On October 12, a disturbance formed in the South China Sea, just off the eastern coast of Borneo. During the next few days, the system entered the border of the east Indian Ocean and intensified slightly.[51] As soon as the system entered the eastern border of the Bay of Bengal, which was on November 1, the IMD immediately upgraded the disturbance into a depression, because the system had already organized itself on October 31, which was a day before the system entered the IMD's area of responsibility.[52] Later on November 1, the system began showing signs of further, but slow organization, as the system continued moving west slowly.[53] on November 2, the Malaysian Meteorological Department (MMD) also issued their first advisory on the system, and simply called it Depression.[54] Later on that day, the IMD reported that the system had weakened into a low pressure area, but they forecasted it to become a depression soon again.[55] Late on November 3, the Joint Typhoon Warning Center (JTWC) issued a tropical cyclone formation alert on the system.[56] Early on November 4, the India Meteorological Department (IMD) upgraded the area of low pressure to a depression giving it the designation "BOB 05".[57] That day, the Joint Typhoon Warning Center (JTWC) designated the system as Tropical Cyclone 05B.[58] Early on November 5, the IMD upgraded Depression BOB 05 to a deep depression.[59] Later, the deep depression strengthened further, prompting the IMD to upgrade it to a cyclonic storm, and was named "Jal."[60] The storm continued to grow and became a severe cyclonic storm by November 6.[61] Soon afterwards, it was upgraded to a Category 1 Tropical Cyclone by the JTWC.[62] On November 7, Jal started weakening.[63] Soon afterwards, the IMD reported that Jal weakened into a Cyclonic Storm.[64] Later that day, the JTWC downgraded Jal into a Tropical storm.[65] Late on the same day, the IMD reported that the storm weakened into a Deep Depression.[66] As a deep depression, the system made landfall at Chennai, a few hours later.[67] The system continued to weaken and became a depression by early hours of November 8.[68] The depression continued to weaken until it dissipated into a remnant low on the same day.[69] On that very same day the IMD said that there was a possibility of Jal's remnants regenerating over the north east Arabian Sea.[70] And as the IMD said, the system moved into the Arabian sea without weakening by early November 9.[71] But instead of crossing the Arabian Sea, the system moved north along the western coast of India, restrengthening slightly, but not enough for it to regenerate completely. Within a few hours, the storm started moving inland, due to the prevailing winds. The system rapidly weakened as it moved farther inland over the next few days, causing severe flooding along the way. Early on November 12, the remnants of Cyclone Jal were completely absorbed by a non-tropical low over the Himalayas.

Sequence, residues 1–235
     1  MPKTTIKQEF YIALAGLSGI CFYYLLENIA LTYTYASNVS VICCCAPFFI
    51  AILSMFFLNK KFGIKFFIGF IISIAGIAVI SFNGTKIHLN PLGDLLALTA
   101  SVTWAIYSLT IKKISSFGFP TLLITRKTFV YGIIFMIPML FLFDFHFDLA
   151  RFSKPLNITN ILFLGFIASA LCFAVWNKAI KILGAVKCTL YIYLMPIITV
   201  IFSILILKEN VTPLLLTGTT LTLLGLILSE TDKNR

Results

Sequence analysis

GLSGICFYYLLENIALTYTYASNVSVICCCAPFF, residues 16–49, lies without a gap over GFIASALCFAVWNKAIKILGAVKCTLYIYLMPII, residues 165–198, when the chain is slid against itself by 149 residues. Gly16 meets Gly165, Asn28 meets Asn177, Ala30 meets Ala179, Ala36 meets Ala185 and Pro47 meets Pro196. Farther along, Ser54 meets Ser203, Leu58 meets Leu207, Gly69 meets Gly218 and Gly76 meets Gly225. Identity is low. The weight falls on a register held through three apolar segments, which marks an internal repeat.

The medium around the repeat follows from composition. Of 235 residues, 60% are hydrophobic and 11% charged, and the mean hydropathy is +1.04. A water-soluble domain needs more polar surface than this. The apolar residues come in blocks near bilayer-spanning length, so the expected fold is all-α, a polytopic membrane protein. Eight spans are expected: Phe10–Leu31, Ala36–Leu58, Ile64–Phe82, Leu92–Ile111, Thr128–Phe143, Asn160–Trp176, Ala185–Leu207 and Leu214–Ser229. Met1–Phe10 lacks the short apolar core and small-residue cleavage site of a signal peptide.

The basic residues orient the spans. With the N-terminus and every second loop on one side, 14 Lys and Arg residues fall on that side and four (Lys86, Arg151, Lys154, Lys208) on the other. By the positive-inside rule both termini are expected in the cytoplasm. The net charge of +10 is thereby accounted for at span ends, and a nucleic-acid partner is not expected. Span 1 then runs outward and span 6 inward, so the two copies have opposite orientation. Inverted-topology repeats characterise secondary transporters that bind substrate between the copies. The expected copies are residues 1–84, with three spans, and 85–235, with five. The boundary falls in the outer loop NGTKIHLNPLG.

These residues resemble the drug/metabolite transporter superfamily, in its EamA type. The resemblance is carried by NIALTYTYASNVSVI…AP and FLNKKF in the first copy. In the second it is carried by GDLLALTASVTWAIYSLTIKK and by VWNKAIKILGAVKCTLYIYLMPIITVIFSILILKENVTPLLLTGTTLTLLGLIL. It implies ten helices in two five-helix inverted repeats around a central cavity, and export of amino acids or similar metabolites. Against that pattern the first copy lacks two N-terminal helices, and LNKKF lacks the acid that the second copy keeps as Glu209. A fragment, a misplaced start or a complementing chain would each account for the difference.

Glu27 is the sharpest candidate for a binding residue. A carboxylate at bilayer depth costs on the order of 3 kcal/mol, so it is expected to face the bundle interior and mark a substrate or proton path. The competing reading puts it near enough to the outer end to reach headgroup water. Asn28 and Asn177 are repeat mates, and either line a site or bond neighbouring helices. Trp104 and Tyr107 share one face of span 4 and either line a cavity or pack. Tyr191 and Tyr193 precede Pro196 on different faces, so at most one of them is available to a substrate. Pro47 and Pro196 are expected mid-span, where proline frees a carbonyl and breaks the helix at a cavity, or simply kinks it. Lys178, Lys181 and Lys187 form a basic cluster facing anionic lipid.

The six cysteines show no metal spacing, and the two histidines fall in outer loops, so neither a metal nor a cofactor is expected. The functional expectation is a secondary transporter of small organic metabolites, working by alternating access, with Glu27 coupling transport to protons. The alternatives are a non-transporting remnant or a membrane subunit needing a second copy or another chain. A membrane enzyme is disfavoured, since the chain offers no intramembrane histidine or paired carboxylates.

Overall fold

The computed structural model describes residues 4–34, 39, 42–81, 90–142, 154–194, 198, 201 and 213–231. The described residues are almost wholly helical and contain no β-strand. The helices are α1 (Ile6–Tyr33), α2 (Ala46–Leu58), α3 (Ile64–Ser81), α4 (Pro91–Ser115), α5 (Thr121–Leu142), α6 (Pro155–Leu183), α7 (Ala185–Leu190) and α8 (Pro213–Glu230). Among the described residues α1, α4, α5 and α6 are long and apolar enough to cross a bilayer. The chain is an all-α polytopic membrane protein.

Depression BOB 06[edit]

Depression (IMD)
Duration December 7 – December 8
Peak intensity 45 km/h (30 mph) (3-min)  1000 mbar (hPa)

In early December, a low pressure area formed over the Bay of Bengal. The low pressure area moved towards the Indian coast and became more well marked. On December 7, the India Meteorological Department (IMD) upgraded the area of low pressure to a depression giving it the designation "BOB 06". At that time it was located approximately 450 kilometres (280 mi) south-southwest of Visakhapatnam, Andhra Pradesh, India.[72] Until December 8, the depression moved northwestwards and made landfall at Bapatla, Andhra Pradesh, India where it dissipated into a remnant low soon after the landfall.[73][74]

Season effects[edit]

This is a table of all storms in the 2010 North Indian Ocean cyclone season. It mentions all of the season's storms and their names, durations, peak intensities(according to the IMD storm scale), landfall(s), damages, and death totals. Deaths in parentheses are additional and indirect(an example of an indirect death would be a landslide or traffic accident), but are still related to that storm. Damage and death totals include the damage and deaths caused when that storm was a precursor wave or extratropical low, and all of the damage figures are in 2010 USD.

Name Dates active Peak classification Windspeeds Pressure Land areas affected Damage
(USD)
Deaths Refs
Laila May 17 – 21 Severe Cyclonic Storm 100 km/h (65 mph) 986 hPa (29.12 inHg) India 118 million 65
Bandu May 19 – 23 Cyclonic Storm 75 km/h (45 mph) 994 hPa (29.35 inHg) Somalia 1
Phet May 30 – June 7 Very severe cyclonic storm 155 km/h (100 mph) 970 hPa (28.64 inHg) Oman, Pakistan 780 million 44
BOB 02 October 7 – 9 Depression 45 km/h (30 mph) 996 hPa (29.45 inHg) India Minimal 17
BOB 03 October 13 – 16 Deep Depression 65 km/h (40 mph) 995 hPa (29.39 inHg) India Minimal None